Quotes on Acclimatization
The Samuel Johnson Sound Bite Page
Home | Topical Guide | Search the Site


Other related topics at:
All In Your Mind

48. Acclimitization; Weather
It was a very wet day, and I again complained of the disagreeable effects of such weather. Johnson: "Sir, this is all imagination, which physicians encourage; for man lives in air, as a fish lives in water, so that if the atmosphere press heavy from above, there is an equal resistance from below. To be sure, weather is hard upon people who are obliged to go abroad; and men cannot labour so well in the open air in bad weather, as in good: but, Sir, a smith or taylor, whose work is done within doors, will surely do as much in rainy weather, as in fair. Some very delicate frames, indeed, may be affected by wet weather; but not common constitutions."
Boswell: Life

162. Acclimitization
I pitied a friend before him, who had a whining wife that found every thing painful to her, and nothing pleasing -- "He does not know that she whimpers (says Johnson); when a door has creaked for a fortnight together, you may observe -- the master will scarcely give sixpence to get it oiled."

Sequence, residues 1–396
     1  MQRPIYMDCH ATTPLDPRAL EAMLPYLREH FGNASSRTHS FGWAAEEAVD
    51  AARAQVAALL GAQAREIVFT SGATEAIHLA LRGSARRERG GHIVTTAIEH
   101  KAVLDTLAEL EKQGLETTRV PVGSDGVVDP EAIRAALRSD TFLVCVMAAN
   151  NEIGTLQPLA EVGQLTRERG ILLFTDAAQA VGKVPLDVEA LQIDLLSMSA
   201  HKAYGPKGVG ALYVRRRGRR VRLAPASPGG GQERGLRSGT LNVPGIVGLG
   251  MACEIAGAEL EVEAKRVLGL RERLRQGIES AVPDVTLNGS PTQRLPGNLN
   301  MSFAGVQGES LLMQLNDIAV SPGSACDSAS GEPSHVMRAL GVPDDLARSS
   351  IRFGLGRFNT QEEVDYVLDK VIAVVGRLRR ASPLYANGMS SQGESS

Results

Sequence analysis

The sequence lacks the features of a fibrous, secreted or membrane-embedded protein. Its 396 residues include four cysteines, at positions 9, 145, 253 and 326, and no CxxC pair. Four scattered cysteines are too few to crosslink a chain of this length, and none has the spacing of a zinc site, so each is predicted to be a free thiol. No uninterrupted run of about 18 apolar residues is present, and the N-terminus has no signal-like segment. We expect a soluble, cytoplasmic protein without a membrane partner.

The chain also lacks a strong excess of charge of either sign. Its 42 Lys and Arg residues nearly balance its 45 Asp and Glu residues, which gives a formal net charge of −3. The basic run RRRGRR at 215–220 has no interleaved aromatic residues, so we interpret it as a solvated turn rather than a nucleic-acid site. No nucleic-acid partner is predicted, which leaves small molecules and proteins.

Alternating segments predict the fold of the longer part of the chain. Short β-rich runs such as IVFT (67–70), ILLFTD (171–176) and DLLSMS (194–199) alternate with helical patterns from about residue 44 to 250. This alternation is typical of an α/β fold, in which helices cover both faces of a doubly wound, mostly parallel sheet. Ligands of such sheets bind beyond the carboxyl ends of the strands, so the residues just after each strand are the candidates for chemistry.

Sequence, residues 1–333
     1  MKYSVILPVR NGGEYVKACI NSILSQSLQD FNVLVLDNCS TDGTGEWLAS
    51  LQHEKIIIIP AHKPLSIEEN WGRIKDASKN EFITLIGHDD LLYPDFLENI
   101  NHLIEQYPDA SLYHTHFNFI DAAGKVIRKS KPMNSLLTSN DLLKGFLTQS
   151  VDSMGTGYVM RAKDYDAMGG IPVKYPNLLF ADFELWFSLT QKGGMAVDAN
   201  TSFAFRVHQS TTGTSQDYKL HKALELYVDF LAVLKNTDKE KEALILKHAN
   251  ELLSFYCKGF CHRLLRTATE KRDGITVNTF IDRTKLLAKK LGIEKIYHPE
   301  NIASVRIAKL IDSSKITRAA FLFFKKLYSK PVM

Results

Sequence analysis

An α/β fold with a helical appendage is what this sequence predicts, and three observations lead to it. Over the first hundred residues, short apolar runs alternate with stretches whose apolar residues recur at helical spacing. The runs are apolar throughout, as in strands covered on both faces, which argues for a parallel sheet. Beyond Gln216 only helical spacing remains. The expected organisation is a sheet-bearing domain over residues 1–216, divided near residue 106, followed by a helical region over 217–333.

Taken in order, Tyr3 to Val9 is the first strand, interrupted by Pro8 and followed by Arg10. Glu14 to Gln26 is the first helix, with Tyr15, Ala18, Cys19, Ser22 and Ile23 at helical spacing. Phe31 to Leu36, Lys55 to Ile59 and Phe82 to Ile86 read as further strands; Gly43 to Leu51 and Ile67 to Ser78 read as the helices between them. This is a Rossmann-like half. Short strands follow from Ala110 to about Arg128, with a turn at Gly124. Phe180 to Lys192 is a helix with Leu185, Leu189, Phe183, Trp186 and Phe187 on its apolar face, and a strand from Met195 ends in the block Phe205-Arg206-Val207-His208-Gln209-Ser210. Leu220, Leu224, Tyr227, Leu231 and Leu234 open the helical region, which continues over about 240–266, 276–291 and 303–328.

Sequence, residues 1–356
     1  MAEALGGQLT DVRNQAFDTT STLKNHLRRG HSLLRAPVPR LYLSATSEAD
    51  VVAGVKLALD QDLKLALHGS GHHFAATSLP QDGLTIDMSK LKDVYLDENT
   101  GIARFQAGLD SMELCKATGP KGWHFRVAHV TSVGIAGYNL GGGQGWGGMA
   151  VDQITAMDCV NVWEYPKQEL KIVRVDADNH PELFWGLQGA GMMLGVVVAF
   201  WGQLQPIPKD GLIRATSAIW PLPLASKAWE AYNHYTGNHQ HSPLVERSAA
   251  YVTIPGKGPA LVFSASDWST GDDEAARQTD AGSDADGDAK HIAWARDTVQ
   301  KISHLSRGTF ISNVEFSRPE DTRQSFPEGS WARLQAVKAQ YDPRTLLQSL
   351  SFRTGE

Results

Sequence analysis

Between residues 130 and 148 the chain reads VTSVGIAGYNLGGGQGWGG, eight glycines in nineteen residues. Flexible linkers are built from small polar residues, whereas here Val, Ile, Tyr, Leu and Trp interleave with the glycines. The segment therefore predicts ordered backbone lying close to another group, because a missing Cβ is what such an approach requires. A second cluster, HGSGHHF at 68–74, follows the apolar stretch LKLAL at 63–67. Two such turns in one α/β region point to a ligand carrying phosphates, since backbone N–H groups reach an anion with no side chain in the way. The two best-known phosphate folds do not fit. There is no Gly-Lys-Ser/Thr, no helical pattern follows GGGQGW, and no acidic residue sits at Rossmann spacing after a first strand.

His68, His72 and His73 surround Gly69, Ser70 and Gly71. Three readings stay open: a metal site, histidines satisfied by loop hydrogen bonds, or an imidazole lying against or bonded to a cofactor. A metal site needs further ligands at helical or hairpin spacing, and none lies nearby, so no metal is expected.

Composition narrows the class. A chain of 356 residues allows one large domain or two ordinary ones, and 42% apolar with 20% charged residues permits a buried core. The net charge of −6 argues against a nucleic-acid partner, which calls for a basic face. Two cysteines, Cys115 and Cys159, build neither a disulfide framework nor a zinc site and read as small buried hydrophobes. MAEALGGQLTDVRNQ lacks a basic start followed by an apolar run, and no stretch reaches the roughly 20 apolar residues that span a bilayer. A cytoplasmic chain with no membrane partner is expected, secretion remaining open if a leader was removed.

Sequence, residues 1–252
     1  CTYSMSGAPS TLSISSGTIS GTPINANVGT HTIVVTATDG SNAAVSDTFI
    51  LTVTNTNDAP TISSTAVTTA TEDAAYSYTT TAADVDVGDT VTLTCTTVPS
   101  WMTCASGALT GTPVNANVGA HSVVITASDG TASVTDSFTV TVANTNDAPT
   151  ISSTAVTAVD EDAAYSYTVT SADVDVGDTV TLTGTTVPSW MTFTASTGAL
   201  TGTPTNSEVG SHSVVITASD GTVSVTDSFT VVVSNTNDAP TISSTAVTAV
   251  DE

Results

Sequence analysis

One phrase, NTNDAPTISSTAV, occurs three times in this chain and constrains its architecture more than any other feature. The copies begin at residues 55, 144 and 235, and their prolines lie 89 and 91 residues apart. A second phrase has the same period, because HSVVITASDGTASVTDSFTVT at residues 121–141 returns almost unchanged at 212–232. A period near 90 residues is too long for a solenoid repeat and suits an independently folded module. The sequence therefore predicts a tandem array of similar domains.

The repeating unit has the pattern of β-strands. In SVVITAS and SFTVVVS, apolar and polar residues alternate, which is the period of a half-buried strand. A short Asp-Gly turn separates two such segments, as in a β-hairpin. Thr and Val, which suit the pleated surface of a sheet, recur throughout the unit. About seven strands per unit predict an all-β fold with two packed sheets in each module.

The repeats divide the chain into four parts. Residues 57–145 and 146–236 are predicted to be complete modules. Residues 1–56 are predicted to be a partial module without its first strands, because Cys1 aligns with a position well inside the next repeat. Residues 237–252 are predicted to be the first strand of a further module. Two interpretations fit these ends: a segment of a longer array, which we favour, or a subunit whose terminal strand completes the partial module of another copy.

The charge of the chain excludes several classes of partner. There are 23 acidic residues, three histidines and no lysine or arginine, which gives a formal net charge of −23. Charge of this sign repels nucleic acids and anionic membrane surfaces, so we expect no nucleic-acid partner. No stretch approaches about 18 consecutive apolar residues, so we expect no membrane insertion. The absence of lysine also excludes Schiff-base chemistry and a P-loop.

Piozzi: Anecdotes

667. Acclimitization; Weather
"Surely nothing is more reproachful to a being endowed with reason, than to resign its powers to the influence of the air, and live in dependence on the weather and the wind, for the only blessings which nature has put into our power, tranquillity and benevolence. To look up to the sky for the nutriment of our bodies, is the condition of nature; to call upon the sun for peace and gaiety, or deprecate the clouds lest sorrow should overwhelm us, is the cowardice of idleness, and the idolatry of folly."
Johnson: Idler #11 (June 24, 1758)

1,032. Acclimitization; Diligence
"Dependence of the soul upon the seasons, those temporary and periodical ebbs and flows of intellect, may, I suppose, be justly derided as the fumes of vain imagination. ... While this notion has possession of the head, it produces the inability which it supposes. Our powers owe much of their energy to our hopes. When success is attainable, diligence is enforced; but when it is admitted that the faculties are suppressed by a cross wind or a cloudy sky the day is given up without resistance; for who can contend with the course of Nature?"
Johnson: Milton (Lives of the Poets)

The Samuel Johnson Sound Bite Page
Back to Top
Home | Topical Guide | Search the SiteThis image is only to register visitors
who come through cached search engine pages.